Rhine water depth up from crisis levels, could normalise this week
Water depths on the Rhine in Germany could rise to normal levels this week, with forecasts of heavy rain in river catchment areas, vessel brokers and commodity traders said on Monday.
“If forecast rain actually arrives in the coming days it is possible that the Rhine could return to normal water levels later this week, allowing vessels to sail fully loaded,” one broker said.
Weeks of high temperatures and little rainfall in August had reduced water depths on what is a major artery for commodities including grains, minerals, coal and oil products. The low water levels caused delays to shipping and pushed freight costs higher, raising fears that the disruption could even hit overall German economic growth.
The reference water level at the chokepoint of Kaub WL-KAUB near Koblenz was at 1.02 metres on Monday, up 0.5 centimetres from Sunday, having fallen to only 32 centimetres in August. Vessels need about 1.5 metres of Kaub reference waterline to sail fully loaded.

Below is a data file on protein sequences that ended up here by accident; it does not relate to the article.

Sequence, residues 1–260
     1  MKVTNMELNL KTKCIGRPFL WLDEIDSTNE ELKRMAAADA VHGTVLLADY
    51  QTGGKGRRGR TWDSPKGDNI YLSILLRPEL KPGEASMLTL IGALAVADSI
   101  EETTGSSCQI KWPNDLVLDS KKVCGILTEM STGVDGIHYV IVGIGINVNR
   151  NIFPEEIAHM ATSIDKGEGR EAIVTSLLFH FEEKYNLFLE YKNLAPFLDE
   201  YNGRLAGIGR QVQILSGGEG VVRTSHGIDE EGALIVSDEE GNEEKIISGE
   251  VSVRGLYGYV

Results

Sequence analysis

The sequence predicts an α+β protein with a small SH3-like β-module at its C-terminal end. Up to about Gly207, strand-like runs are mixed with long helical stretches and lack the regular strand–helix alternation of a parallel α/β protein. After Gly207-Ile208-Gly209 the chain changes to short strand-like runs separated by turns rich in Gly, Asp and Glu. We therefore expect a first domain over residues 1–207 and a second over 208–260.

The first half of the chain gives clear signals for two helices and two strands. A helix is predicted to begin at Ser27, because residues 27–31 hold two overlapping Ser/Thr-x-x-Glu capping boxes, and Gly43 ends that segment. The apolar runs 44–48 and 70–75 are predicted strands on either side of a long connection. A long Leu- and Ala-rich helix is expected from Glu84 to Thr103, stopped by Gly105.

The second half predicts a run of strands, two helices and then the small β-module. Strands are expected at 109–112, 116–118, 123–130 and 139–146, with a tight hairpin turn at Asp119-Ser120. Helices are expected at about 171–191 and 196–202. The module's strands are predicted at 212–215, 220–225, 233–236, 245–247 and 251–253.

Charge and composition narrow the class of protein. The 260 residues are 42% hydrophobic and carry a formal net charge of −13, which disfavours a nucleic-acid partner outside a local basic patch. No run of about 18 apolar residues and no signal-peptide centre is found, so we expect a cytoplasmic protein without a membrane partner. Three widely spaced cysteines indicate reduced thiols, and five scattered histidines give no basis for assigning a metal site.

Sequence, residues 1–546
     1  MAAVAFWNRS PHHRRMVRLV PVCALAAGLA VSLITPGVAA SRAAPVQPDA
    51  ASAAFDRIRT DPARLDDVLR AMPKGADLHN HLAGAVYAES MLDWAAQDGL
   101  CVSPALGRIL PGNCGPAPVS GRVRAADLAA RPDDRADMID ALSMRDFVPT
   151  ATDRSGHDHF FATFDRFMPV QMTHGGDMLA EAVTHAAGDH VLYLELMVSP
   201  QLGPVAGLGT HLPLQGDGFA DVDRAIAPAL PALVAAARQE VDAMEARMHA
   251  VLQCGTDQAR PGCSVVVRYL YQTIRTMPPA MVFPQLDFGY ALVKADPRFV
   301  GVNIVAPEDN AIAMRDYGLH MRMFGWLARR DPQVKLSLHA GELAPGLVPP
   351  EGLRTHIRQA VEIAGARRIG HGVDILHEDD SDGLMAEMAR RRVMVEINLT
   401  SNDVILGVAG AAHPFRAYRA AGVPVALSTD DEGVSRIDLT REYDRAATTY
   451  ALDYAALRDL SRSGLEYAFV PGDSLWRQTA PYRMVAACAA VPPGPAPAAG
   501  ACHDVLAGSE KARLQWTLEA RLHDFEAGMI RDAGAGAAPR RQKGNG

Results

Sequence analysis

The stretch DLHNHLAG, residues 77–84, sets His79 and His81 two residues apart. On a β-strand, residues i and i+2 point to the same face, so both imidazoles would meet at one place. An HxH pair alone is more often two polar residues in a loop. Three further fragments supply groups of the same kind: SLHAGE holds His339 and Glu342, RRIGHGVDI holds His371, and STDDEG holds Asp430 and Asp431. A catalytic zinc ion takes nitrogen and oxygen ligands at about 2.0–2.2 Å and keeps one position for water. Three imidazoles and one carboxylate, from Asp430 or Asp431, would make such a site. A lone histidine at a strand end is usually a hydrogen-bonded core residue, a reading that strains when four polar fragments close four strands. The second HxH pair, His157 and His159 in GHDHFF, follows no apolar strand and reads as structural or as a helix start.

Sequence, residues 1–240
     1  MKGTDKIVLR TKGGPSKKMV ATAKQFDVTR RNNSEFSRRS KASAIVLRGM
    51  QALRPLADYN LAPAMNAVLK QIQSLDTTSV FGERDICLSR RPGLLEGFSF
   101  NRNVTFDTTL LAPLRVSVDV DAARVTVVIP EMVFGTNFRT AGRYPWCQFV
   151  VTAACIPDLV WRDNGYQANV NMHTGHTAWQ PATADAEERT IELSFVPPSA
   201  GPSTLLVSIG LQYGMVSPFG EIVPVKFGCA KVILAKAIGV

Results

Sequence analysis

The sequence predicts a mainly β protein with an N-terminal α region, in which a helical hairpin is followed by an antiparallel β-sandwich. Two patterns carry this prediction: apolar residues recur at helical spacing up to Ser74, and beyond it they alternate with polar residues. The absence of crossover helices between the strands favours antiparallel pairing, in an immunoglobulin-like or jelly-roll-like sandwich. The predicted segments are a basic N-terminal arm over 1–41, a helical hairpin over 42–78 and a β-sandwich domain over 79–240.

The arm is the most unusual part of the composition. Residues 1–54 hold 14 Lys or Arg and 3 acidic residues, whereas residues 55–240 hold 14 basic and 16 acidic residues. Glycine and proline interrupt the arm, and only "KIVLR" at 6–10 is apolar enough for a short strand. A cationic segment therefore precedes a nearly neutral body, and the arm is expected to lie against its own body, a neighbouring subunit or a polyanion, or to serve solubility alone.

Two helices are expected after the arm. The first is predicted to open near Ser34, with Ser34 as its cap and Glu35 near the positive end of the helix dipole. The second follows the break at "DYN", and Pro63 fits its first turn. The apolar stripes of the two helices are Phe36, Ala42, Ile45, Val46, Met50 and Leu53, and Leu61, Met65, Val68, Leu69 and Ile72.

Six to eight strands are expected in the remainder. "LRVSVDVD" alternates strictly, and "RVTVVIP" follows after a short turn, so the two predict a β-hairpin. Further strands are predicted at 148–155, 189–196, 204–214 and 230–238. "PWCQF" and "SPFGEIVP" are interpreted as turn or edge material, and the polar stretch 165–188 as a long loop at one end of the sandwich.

Shallow water after this summer’s heatwave and drought compelled some freight vessels to sail only about 25% full in August, increasing costs for cargo owners who needed more vessels to deliver supplies.
Vessels are now able to sail with larger loads and prices for river transport have fallen back from their peaks, brokers said.
Source: Reuters (Reporting by Michael Hogan Editing by David Goodman)